Amazon is spending billions of dollars and hiring tens of thousands of people this year to maintain its edge in delivery speed over retail rivals that are pressing to close the gap.

After years of offering two-day shipping for customers who pay for its $119-a-year Prime shipping and media program, Amazon in April pledged to accelerate the standard speed to one day.

It is reconfiguring warehouses to store more inventory closer to population centers, and adding new shifts and schedules to get the goods out the door more frequently. It is spending more on its own already massive transportation network, as well as third-party contractors, some of whom have spotty safety records. And it is once again sacrificing profits — a hallmark of Jeff Bezos’ way of running the Seattle-based e-commerce juggernaut.

Amazon’s third-quarter profit of $2.13 billion was down 27% from $2.88 billion in the same period a year ago. The company also said profits in the current quarter would be slimmer than anticipated as it pours another $1.5 billion into one-day shipping.

The company reported a global workforce of 750,000, up 22% from a year ago and not including contractors or seasonal temporary workers.

Throughout Amazon’s history, founder and chief executive Bezos has been willing to spend the company’s ample cash flows in pursuit of long-term business aims rather than fattening the quarterly bottom line. The approach has tested shareholder patience before, and there was skepticism among investors as the latest price tag of one-day shipping was revealed in Amazon’s results Thursday. Amazon shares lost nearly 7% in extended trading, finishing at about $1,660.


But Amazon executives say that the one-day shipping offer is having its intended effect: Sales at the company were up 23.7% to a better-than-expected $70 billion in the quarter. Some analysts view it as a strategic necessity, particularly with the likes of Walmart offering free two-day shipping without an annual membership fee and improving its use of physical stores to facilitate online order pickup.

Bezos said the company now has millions of products available for one-day shipping and billions of these items have been ordered by customers.

“It’s a big investment, and it’s the right long-term decision for customers,” he said in a statement Thursday.

The company first made its one-day shipping pledge during a quarterly financial report in April, and it has been the hot topic on its conference calls with journalists and Wall Street analysts in the subsequent two reports, effectively turning these sometimes mundane recitations of sales and profit numbers into a commercial for the new offering.

Those analysts probed chief financial officer Brian Olsavsky for details on the duration of the spending increases and the payback they may reap. Amazon shipping costs increased nearly twice as fast as sales during the third quarter, to $9.7 billion. It spent more on infrastructure, too. And Amazon is foregoing revenue it previously collected by charging extra for one-day shipping, he said.

“We’re still learning here about the one-day costs as we go, about what the long-term cost structure will be,” Olsavsky said, calling it a “drastic change.” He added, “We’ve been down this road before on a number of different incarnations in Amazon’s history.”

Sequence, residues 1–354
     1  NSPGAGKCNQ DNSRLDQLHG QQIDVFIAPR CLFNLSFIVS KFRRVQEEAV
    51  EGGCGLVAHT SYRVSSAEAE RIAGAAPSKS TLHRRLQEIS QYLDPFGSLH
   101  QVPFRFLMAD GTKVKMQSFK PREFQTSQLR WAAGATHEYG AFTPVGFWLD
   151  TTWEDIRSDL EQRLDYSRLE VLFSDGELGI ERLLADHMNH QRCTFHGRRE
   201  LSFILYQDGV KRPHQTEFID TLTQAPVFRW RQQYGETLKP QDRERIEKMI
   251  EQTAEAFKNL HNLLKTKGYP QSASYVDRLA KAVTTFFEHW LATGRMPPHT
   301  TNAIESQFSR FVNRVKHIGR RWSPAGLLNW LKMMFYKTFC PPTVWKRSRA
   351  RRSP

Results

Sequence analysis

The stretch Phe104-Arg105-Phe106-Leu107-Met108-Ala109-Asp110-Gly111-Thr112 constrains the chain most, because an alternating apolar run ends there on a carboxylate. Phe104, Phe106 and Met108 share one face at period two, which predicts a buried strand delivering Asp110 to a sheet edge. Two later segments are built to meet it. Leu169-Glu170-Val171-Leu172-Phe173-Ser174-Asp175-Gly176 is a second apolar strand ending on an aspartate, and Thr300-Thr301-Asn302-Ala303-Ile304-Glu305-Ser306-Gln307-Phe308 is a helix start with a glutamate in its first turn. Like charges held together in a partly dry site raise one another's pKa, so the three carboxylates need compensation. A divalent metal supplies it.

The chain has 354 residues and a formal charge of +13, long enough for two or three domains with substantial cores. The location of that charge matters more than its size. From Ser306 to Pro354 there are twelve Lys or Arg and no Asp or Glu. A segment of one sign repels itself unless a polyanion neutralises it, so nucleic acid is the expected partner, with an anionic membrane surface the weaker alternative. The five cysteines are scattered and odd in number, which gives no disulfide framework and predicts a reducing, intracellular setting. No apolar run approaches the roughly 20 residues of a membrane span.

There are other costs that don’t appear in the company’s financial reports. Two investigations published last month by ProPublica and BuzzFeed News documented a spate of injuries and deaths involving drivers delivering Amazon packages. They work for third-party contractors, insulating Amazon from liability. The company cut ties with some of those contractors after the reports.

Amazon said sales for the fourth quarter are expected to be $80 billion to $86.5 billion, up 11% and 20%, respectively. Operating income is expected be down at least $900 million compared to the fourth quarter of 2018, coming in at between $1.2 billion and $2.9 billion.

Amazon grew its global work force by some 96,700 full and part-time employees in the quarter. It now has 750,000 workers. Much of the increase, Olsavsky said, was due to hiring in support of faster shipping, but it also hired software engineers and salespeople for its cloud computing business, Amazon Web Services (AWS).

That business continues to grow steadily and generate outsize profits for the company, although the profit margin in AWS slipped slightly to 25.1%. AWS sales were up 35% in the quarter to nearly $9 billion.

Also in the third quarter, Bezos committed the company to become carbon neutral by 2040, a goal that some observers think will be more difficult to achieve with the move to faster shipping. As part of its climate-change  reduction goals, Bezos announced plans for 100,000 electric delivery vehicles by 2030.

Bezos made the counterintuitive claim that accelerated shipping speeds can lower carbon emissions because one-day shipping requires goods be staged closer to customers in advance. There’s not enough time to fulfill a one-day order by flying it in overnight, Bezos said in September. That’s also part of the logic behind Amazon’s expansion into warehouses closer to urban centers.



To take stock of Amazon on its 25th anniversary, The Seattle Times plans a series of stories over the coming year, starting with an overview looking at the company and its place in business and Seattle history.

We want Seattle Times readers to guide our coverage.

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And tell us what you want to know about the company, its history in Seattle and beyond.

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We’ll report on the questions of greatest interest to our readers as we delve into specific topics over the course of the next year.